Understanding Foreign Aid

Foreign aid is a broad term that defines the assistance of one country to another, usually a developed country helping another nation. This assistance can be monetary or otherwise and can be intended for many different purposes or reasons.

The origins of foreign aid in the United States stem from the Marshall Plan and the U.S. assisting Europe in its post-World War II recovery. More recently, the United States Agency for International Development’s stated mission is to help fledgling democracies and end extreme poverty.

Most people in the U.S. believe that foreign aid is substantially higher than its actual value, which is equivalent to or lower than one percent of the federal budget. The money sent to other countries as aid is fairly small for the U.S., yet it is capable of producing a host of benefits for the recipient countries.

Humanitarian assistance is the most common reason for giving foreign aid. The recent earthquake in Nepal triggered a response by USAID whose contribution of over $47 million have been used to help with disaster relief in the region. Other reasons for humanitarian-related aid include extreme poverty, hunger and the effort to improve global health by fighting preventable, communicable diseases that are common in the developing world.

Infrastructural development is a commonly cited purpose for aid dollars. China, for example, has been investing heavily on infrastructure in Africa, including a $15 million aid deal with Sierra Leone for fiber optics installations. This investment is only one example of how aid is used to build communications, transportation, medical and other critical infrastructure in order to help facilitate economic growth and development.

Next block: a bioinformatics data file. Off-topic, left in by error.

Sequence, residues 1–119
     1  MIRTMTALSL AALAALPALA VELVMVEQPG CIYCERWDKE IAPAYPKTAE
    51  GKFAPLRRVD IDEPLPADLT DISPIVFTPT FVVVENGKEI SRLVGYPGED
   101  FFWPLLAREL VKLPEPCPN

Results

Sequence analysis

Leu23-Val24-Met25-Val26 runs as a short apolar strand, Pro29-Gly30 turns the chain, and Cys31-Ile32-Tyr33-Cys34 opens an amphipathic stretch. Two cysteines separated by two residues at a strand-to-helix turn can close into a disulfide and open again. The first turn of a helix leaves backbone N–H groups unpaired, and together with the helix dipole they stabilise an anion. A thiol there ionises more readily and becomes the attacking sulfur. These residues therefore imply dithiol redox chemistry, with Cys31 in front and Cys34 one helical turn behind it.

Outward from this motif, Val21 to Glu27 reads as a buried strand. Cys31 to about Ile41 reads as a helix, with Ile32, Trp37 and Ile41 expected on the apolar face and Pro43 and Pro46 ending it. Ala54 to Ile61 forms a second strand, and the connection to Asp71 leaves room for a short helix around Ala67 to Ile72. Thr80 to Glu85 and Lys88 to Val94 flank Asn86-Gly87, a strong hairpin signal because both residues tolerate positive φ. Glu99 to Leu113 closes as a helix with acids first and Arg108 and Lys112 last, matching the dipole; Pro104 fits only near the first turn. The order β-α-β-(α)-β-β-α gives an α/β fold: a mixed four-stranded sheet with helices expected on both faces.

Aid earmarked for education assists countries while preparing them to be more independent. Aid programs often focus primarily on improving access to education, which can be a limiting factor for education’s effectiveness. These programs also target teachers’ training in order to improve the quality and impact of the education being provided. Building human capital by establishing skills such as basic literacy cannot be underestimated.

In the past eight years, the European Union Commission has invested well over four billion euros in improving education and literacy in multiple developing countries. They were able to put at least nine million children into schools and train hundreds of thousands of teachers in order to improve standards of education. Rudimentary reading and writing skills that are taken for granted in developed countries can change the lives of those in developing countries where literacy rates are low. Literacy can be thought of as a gateway toward further human capital and economic development.

Foreign aid can also be motivated by strategic and geopolitical forces. Helping other countries can leverage support for the gifting nation or help build strong relationships in a certain region.

Israel received the most foreign aid from the U.S. in its 2012 fiscal year. Though Israel does not face the same low literacy rates or high levels of poverty as countries in Africa, there are strong geopolitical motivations that have led to this phenomenon. In addition, five of the top ten recipients of aid in the same year were from the Middle East. Some states in the region are rife with war and turmoil. As a result, the U.S. provides foreign aid to help these states recover from the damages of war or to aid in creating and sustaining stability across the region as a whole.

Developed countries are in a position to help those in foreign countries who are in need of assistance. Foreign aid is an essential and fairly pain-free way for developed countries to fight against global poverty and support global health, education and peace.

– Martin Yim

Sources: USAID 1, RAND, Washington Post, Aid Data, USAID 2, European Commission, ABC News USAID
Photo: Georgetown Public Policy Review